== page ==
SAN FRANCISCO, CA — sf.citi unveiled a dashboard featuring new evidence of a mass migration of tech companies and workers out of San Francisco and the devastating impact such a “tech exodus” will have on San Francisco’s economy.
Since COVID-19 was declared a pandemic in March 2020, San Francisco tech trade association sf.citi has been closely monitoring the pandemic’s effects on San Francisco, including the surge of tech companies and tech employees leaving the city. sf.citi’s tech exodus dashboard aggregates the many data points that have emerged over the last 10 months.
The dashboard also includes the results of an sf.citi survey conducted among 83 tech founders and CEOs in January 2021 about their long-term plans for remote work and growth in San Francisco, the findings of which are listed below.
- 55 percent of tech companies surveyed expect at least 25 percent of their Bay Area workforce to remain permanently remote. 36 percent anticipate as much as 50 to 100 percent of their Bay Area workforce to remain permanently remote.
- 63 percent of tech companies surveyed have already downsized or plan to downsize their office space in the San Francisco Bay Area.
- 59 percent of tech companies surveyed consider San Francisco regulations, taxes, and policies significant factors in their decisions toward company growth.
- 76 percent of tech companies surveyed say the COVID-19 pandemic has changed their plans for growth in the San Francisco Bay Area.
Shaan Hathiramani, CEO of Flockjay, represents one of the tech companies embracing remote work. His company will adopt a remote-first policy in which 90 percent of the total workforce will become fully remote (up from 10 percent). “We believe that the advent of remote-first hiring will allow for us to develop a better product through better empathy for our user,” said Hathiramani. “We will be able to hire a decentralized workforce with greater diversity of background, whether it be geography, gender, race, or capability.”
“What the data makes abundantly clear is that tech companies and their employees are reducing their footprint in San Francisco, their departure does not bode well for San Francisco’s economic future, and the industry trend toward decentralization is only going to accelerate after the pandemic ends,” said sf.citi Executive Director Jennifer Stojkovic. “Over the last decade, San Francisco policymakers have tightened the City’s reliance on the tech industry for critical revenue—while doubling the City’s budget. At the same time, they’ve passed countless taxes and regulations that make it incredibly difficult for tech companies and their employees to stay and grow in San Francisco. We’ve all known a breaking point was coming and now the City will have to grapple with the consequences.”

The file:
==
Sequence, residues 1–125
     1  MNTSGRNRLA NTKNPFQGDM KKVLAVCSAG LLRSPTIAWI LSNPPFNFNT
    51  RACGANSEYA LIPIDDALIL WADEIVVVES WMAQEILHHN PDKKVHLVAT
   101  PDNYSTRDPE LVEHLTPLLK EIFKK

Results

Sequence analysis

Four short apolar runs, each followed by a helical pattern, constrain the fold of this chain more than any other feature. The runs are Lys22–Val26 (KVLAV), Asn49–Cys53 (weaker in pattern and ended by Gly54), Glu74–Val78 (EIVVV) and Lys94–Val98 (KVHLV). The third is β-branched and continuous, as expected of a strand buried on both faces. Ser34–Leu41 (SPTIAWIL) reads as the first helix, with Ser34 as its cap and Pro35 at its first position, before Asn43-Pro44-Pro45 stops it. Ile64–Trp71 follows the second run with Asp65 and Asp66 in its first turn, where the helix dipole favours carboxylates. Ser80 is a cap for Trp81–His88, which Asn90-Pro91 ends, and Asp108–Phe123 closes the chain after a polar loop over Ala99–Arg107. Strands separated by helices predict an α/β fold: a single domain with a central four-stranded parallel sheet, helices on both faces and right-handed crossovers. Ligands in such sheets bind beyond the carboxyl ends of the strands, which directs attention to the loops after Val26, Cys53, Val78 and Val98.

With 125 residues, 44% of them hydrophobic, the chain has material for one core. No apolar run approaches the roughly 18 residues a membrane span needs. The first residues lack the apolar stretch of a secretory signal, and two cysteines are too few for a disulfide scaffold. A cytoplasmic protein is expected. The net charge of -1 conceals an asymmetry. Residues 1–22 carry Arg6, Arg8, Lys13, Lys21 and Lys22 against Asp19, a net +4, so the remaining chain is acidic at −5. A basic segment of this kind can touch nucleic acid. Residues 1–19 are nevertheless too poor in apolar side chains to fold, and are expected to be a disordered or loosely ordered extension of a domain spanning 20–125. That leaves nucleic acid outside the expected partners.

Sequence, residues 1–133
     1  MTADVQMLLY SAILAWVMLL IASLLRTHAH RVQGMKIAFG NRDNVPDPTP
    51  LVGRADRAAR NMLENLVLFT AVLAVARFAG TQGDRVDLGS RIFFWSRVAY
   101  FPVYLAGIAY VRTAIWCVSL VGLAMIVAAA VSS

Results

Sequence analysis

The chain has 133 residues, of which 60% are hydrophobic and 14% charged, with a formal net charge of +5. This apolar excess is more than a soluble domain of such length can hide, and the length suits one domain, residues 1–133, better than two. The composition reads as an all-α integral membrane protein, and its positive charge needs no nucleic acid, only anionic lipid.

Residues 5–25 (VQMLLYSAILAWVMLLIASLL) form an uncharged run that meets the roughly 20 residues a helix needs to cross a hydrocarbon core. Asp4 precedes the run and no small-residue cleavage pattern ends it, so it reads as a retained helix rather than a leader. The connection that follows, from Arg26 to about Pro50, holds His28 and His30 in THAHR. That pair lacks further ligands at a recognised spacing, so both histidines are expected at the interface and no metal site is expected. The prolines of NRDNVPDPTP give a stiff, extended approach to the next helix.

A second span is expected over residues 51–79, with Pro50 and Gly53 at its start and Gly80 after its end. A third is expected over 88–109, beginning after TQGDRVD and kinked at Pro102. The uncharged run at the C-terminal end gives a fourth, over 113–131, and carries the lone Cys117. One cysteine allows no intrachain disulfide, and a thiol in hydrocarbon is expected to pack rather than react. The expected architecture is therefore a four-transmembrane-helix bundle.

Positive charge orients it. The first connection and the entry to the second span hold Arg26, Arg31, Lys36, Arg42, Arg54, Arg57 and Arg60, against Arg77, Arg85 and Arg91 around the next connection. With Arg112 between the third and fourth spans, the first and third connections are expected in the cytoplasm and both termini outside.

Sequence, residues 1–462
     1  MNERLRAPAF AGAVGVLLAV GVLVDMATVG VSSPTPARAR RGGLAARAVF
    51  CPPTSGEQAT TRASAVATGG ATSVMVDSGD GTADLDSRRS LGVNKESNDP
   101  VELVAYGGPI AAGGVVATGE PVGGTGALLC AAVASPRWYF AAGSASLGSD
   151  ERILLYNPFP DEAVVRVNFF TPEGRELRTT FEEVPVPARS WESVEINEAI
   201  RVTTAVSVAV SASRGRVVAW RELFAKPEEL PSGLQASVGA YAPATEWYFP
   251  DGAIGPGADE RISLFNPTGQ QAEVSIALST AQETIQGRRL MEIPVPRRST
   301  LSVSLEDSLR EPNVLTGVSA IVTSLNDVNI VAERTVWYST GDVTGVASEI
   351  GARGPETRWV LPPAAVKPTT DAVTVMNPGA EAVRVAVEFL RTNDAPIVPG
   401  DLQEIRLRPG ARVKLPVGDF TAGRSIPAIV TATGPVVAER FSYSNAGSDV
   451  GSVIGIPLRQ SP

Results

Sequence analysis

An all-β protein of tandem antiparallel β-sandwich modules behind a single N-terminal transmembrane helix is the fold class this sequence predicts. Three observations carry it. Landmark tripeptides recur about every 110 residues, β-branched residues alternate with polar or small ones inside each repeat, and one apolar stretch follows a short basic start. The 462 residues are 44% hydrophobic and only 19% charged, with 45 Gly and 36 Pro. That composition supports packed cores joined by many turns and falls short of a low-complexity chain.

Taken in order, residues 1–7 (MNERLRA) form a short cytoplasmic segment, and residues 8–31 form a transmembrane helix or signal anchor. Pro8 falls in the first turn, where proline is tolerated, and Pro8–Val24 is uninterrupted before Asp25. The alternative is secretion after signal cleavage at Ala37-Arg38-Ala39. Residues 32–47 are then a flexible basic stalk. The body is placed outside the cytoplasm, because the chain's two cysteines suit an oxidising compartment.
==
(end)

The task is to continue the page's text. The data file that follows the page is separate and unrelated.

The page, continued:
Of course, many tech and business leaders plan to stay in San Francisco, even as they look for a greater willingness among San Francisco policymakers to collaborate with the tech industry.
Founder of SV Angel and sf.citi Board Chair Ron Conway explained, “I have always believed in San Francisco. That’s why I’m calling on my fellow tech and business leaders to commit to staying in San Francisco and helping the City recover from the COVID-19 pandemic—an area in which many have already demonstrated incredible leadership. At the same time, we ask for a commitment to real partnership from local leadership.
“Divisive rhetoric and policies that seek to punish the tech sector and tech workers will only smother San Francisco’s innovation economy and fiscal sustainability for the long term. Now is the time to end the ‘us vs. them’ dynamic and work together to rebuild. San Francisco can be at its best again when we come together to improve our City.”
sf.citi will regularly update its tech exodus dashboard to continue providing the latest information and data on tech companies and tech workers leaving the San Francisco Bay Area.
You can access sf.citi’s tech exodus dashboard by visiting https://sfciti.org/sf-tech-exodus/.
sf.citi is San Francisco’s tech trade association developed to empower the San Francisco technology community to have a voice in local tech policy decisions and collaborate with leaders in government on solving local issues. Founded in 2012, we are committed to building cross-sector conversation between the City’s tech, nonprofit, and political communities. We drive innovative policy solutions and develop social impact partnerships to address longstanding issues facing San Francisco.
Media Requests: Jacqueline McGraw, sf.citi Marketing and Communications Manager, email@example.com